Whitewash: The Disturbing Truth about Cow’s Milk and Your Health
Joseph Keon’s Whitewash aims to provide enlightenment on the industrialization of dairy farms: a place where happy cows no longer exist. Keon, a wellness consultant, nutritionist and fitness expert examines the production of milk while emphasizing the negative impact it has on the health of American consumers. It also helps that John Robbins, the son of the founder and owner of Baskin-Robbins ice cream company provides endorsement in the foreword of the book.
Keon builds on the fact that bone fractures and osteoporosis rates remain higher in countries with a higher intake of calcium (like the United States) and attributes this to the inability to retain the nutrient. However, he also explores a host of other potential illnesses that milk contributes to including acne, allergies (lactose intolerance) and heart disease. However, at times his scientific truth appears to be stretched as he demonizes cow’s milk to also contribute to Crohn’s disease, cancer, and infertility, not recognizing other potential factors. He also discusses obesity and the forty billion dollar diet industry.
However, one cannot help but feel that he may be part of that industry as well as he spends a chapter endorsing veganism. At times, there is simply not enough scientific evidence to place a significant proportion of the blame on the dairy industry. It is also never considered that there may be other components of milk that are causing this reaction in humans. Unless of course you consider the poisons present in America’s favorite source of calcium.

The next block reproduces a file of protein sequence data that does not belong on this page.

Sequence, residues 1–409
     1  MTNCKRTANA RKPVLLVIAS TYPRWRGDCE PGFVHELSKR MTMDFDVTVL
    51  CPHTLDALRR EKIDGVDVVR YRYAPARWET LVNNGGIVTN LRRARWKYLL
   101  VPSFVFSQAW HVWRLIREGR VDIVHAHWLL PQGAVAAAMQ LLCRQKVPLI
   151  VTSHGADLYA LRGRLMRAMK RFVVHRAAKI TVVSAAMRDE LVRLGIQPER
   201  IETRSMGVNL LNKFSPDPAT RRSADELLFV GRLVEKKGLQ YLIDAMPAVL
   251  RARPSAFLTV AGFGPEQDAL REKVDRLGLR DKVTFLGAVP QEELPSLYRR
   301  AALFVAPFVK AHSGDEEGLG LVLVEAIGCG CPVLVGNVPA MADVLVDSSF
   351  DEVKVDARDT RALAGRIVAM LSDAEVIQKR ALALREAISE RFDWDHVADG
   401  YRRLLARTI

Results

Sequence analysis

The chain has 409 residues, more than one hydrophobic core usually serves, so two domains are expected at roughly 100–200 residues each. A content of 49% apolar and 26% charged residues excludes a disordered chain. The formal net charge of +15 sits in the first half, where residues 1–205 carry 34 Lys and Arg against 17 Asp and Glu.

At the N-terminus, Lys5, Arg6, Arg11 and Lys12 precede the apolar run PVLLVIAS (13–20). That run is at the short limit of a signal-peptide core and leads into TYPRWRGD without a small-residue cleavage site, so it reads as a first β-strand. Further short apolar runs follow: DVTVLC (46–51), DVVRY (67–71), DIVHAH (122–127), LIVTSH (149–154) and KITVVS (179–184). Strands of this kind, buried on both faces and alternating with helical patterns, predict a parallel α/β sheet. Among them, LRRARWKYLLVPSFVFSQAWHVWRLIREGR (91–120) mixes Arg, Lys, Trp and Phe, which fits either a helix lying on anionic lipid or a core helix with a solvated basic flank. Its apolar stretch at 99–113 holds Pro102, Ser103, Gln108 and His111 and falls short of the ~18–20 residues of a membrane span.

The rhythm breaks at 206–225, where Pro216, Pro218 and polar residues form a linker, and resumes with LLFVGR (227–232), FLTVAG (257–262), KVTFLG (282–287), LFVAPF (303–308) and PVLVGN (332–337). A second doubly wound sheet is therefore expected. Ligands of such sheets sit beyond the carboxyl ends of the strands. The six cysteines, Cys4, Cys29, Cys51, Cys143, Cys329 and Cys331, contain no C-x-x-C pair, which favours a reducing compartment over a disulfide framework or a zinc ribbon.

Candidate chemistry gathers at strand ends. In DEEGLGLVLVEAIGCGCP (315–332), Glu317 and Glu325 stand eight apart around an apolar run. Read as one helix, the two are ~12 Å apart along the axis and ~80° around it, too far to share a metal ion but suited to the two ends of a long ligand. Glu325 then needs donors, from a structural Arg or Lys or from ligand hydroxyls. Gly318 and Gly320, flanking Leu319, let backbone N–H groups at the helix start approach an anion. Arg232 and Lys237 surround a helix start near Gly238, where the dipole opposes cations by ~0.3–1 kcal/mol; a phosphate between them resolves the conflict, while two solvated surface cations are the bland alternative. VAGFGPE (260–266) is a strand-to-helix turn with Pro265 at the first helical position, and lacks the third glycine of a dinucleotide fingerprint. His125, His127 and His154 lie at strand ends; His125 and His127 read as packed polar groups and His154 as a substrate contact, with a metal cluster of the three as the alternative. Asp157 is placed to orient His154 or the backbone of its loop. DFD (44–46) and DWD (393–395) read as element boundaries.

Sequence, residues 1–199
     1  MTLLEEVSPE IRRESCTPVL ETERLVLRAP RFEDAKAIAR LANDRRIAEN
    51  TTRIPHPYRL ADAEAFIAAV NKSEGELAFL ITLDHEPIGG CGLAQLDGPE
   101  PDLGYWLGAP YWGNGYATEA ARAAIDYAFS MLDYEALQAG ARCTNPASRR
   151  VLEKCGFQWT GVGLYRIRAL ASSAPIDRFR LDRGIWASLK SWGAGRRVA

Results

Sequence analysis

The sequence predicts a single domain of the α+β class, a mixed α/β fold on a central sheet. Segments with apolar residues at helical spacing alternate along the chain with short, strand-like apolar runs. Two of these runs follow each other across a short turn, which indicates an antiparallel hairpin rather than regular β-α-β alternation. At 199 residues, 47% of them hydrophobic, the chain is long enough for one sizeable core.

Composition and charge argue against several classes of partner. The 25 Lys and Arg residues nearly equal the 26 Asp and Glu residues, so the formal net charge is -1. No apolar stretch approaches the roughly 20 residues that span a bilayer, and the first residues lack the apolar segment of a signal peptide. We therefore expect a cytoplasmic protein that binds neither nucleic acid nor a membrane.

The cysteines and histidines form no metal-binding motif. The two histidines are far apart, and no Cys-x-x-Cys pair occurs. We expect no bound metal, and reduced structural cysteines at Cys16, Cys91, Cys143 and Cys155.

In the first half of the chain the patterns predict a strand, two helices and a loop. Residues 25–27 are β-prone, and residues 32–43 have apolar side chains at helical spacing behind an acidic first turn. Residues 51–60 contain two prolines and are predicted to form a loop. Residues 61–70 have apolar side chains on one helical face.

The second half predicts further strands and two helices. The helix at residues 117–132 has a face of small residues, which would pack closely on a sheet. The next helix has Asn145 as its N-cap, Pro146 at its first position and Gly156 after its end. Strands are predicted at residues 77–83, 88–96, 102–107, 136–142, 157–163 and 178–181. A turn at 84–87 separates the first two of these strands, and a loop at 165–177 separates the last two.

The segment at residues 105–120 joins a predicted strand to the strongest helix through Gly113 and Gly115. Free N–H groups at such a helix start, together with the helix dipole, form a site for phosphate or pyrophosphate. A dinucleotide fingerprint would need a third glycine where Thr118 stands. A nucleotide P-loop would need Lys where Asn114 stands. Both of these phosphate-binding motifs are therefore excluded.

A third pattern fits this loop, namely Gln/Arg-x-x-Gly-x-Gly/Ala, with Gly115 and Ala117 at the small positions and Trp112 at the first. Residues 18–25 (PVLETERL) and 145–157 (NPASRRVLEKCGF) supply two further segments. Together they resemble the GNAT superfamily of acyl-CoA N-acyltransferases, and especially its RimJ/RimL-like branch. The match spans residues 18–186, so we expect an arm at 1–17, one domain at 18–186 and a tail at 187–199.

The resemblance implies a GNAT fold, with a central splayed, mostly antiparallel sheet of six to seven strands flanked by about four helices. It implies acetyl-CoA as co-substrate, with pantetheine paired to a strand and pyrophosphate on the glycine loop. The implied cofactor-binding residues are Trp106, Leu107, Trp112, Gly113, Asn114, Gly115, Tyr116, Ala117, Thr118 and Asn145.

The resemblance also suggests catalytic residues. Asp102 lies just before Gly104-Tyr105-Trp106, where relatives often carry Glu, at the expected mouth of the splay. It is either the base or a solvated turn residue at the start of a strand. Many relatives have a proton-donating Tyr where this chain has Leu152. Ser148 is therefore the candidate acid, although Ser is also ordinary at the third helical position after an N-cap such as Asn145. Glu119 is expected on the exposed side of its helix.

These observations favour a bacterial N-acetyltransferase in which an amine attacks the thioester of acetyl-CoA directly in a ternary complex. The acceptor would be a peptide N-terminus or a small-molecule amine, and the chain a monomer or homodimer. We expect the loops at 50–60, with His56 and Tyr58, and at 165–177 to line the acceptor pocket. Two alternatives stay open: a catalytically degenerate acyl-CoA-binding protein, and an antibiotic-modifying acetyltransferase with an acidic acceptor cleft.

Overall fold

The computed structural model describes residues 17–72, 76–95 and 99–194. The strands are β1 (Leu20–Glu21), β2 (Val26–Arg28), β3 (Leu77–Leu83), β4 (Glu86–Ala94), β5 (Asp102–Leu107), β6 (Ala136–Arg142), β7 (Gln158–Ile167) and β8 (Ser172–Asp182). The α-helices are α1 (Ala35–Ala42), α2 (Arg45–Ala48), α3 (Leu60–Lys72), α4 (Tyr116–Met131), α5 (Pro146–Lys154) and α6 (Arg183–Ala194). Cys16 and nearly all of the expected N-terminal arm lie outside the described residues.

Whitewash points out the obvious existence of pesticides and natural growth hormones in milk (it is meant for baby calves, after all). However, Keon goes a step further and discusses the existence of rabies in unpasteurized milk, a onetime incident of flame retardant being mixed in with cow’s feed and other chemicals present in milk. These brief incidents in his book only weaken his overall argument as it seems a bit overreaching since it cannot be a basis for each gallon of milk in every freezer section across America. It can be agreed though that our health, physical inactivity and overall exposure to drugs (and chemicals) can be attributed to the price that we pay for living in a modern society in comparison to the rest of the world.
Essentially, a deep analysis of other imperfect industries (for instance, chicken, livestock, and the consumption of eggs) would potentially produce similar results. Keon has demonized cow’s milk similarly to the blame placed on high fructose corn syrup and the corn industry that was initially one of the scapegoats for the obesity epidemic facing America. Additionally, the alternatives Keon provides to dairy are essentially idealistic as the consumers of cow’s milk would now be relegated to investing more money into alternatives to get vitamins A, D, K and calcium which may not be feasible. International alternatives are also not provided. If cow’s milk in the United States is so detrimental to our health, does that mean that imported powdered milk can be a replacement? This is highly unlikely since so much emphasis was placed on the fat content of the milk itself.
Whitewash may not set the ardent milk consumer straight, but it will allow us to take a second look at the fat content. However, the average low/medium income family will not be rushing out any time soon to pay higher prices for calcium alternatives. Perhaps further insight on the dairy industry itself would sway the average milk drinker into sympathizing for the unhappy cows across America.